Robert F. Kennedy.Library of Congress.
Fifty years ago, on the day before St. Patrick’s Day, Robert F. Kennedy announced that he was running for the presidency of the United States.
“I do not run for the presidency merely to oppose any man, but to propose new policies,” said Kennedy, who four years earlier had been elected U.S. senator from New York.
Kennedy made his presidential announcement in the same room in the Senate building where his brother, Jack, had announced his own run for the White House in 1960.
“I run because I am convinced that this country is on a perilous course and because I have such strong feelings about what must be done, and I feel that I’m obliged to do all I can.”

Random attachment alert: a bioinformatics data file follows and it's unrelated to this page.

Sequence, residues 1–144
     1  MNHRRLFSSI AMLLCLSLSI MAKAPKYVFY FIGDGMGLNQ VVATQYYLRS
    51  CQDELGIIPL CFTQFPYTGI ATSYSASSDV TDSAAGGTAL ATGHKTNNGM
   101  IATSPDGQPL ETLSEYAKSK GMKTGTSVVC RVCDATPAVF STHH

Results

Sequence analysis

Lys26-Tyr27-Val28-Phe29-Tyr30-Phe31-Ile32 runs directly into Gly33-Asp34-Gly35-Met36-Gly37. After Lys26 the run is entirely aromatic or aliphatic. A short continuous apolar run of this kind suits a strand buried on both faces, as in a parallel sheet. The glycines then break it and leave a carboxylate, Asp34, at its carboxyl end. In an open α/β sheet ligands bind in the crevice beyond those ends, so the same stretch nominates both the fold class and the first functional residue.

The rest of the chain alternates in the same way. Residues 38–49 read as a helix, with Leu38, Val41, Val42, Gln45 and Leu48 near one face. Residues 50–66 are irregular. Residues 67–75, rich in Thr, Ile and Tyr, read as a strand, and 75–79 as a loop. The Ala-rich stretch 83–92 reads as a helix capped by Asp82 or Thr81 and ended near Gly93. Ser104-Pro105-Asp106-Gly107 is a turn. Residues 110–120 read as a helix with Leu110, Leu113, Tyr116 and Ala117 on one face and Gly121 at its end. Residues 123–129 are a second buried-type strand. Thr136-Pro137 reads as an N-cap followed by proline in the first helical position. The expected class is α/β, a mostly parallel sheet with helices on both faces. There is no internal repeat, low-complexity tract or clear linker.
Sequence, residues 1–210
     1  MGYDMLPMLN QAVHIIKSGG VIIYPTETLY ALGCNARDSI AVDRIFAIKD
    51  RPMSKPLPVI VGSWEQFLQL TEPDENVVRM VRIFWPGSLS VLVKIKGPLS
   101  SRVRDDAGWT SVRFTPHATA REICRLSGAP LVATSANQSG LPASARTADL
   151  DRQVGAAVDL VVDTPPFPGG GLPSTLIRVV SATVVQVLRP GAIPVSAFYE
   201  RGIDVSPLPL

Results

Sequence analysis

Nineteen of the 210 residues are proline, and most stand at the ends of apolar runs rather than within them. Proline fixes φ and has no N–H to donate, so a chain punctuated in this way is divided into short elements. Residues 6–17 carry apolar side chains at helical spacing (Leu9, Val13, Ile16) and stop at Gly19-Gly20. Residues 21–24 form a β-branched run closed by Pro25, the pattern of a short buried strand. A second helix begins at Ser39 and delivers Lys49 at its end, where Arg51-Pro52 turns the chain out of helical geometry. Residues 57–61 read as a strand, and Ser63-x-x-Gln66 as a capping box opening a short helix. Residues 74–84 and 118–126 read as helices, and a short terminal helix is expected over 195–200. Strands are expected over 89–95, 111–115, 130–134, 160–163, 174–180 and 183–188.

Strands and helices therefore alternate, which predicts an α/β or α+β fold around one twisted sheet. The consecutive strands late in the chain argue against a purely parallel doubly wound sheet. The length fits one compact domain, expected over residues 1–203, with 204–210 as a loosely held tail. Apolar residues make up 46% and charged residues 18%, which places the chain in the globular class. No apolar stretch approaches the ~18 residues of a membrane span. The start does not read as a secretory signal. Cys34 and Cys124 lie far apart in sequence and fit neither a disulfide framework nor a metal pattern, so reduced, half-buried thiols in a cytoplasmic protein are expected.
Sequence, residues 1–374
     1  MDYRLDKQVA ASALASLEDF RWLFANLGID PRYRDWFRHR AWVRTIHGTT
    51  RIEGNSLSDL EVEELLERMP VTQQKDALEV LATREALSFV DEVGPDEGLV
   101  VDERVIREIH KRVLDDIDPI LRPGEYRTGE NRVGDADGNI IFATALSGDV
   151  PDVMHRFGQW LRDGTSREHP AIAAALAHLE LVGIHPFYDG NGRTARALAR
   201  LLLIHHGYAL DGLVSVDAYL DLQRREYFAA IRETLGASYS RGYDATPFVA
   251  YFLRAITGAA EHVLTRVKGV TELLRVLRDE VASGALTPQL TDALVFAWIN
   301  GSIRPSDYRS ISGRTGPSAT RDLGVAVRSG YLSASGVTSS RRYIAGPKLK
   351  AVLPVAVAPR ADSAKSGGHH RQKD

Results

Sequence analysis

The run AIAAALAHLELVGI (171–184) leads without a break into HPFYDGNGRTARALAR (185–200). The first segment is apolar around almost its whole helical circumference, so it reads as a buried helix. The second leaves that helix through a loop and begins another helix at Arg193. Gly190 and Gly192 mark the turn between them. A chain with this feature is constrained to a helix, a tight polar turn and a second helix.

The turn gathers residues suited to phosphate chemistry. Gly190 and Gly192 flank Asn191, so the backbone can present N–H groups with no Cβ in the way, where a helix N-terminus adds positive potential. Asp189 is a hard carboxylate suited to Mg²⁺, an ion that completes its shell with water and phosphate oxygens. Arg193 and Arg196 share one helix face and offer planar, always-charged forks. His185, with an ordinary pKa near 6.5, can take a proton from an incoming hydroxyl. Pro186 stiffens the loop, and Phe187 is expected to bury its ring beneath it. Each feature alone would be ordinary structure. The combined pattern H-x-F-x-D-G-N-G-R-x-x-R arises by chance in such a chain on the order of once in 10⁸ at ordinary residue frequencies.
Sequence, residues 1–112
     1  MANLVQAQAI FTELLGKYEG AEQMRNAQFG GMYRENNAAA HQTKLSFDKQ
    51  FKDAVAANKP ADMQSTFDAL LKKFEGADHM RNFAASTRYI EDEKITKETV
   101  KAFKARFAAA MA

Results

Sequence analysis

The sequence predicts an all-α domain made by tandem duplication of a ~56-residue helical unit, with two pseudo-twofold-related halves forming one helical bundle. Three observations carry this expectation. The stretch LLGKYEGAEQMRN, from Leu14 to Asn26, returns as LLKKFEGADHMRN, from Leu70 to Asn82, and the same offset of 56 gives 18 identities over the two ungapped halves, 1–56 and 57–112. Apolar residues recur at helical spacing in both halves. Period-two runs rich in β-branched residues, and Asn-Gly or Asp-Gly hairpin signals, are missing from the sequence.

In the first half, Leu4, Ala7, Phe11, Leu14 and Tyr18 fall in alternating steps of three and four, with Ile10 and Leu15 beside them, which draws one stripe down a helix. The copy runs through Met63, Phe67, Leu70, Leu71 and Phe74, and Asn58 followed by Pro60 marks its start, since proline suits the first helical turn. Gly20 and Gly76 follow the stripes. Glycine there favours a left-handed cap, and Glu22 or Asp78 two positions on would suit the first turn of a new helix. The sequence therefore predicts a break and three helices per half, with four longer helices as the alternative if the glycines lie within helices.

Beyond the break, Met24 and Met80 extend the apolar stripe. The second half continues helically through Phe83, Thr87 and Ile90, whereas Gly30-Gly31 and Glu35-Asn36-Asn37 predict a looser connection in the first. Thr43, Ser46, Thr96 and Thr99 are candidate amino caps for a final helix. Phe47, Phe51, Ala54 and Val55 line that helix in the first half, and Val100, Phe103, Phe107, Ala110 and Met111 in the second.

In less than a month, on April 4, 1968, Bobby Kennedy made another speech, this one in Indianapolis, revealing to a shocked crowd that Martin Luther King had been assassinated in Memphis. For a brief period it seemed Bobby was the only one who could bring a deeply divided America together.
“He connected black struggle with the struggle of Irish Americans,” The New Republic noted recently, “suggesting that if America could elect an Irish Catholic president, it would elect a black president within 40 years.”
By June, of course, Bobby himself would be dead.
And so began one of the most tumultuous eras in American history, one which we mark the 50th anniversary of this year. Anytime we feel the current political…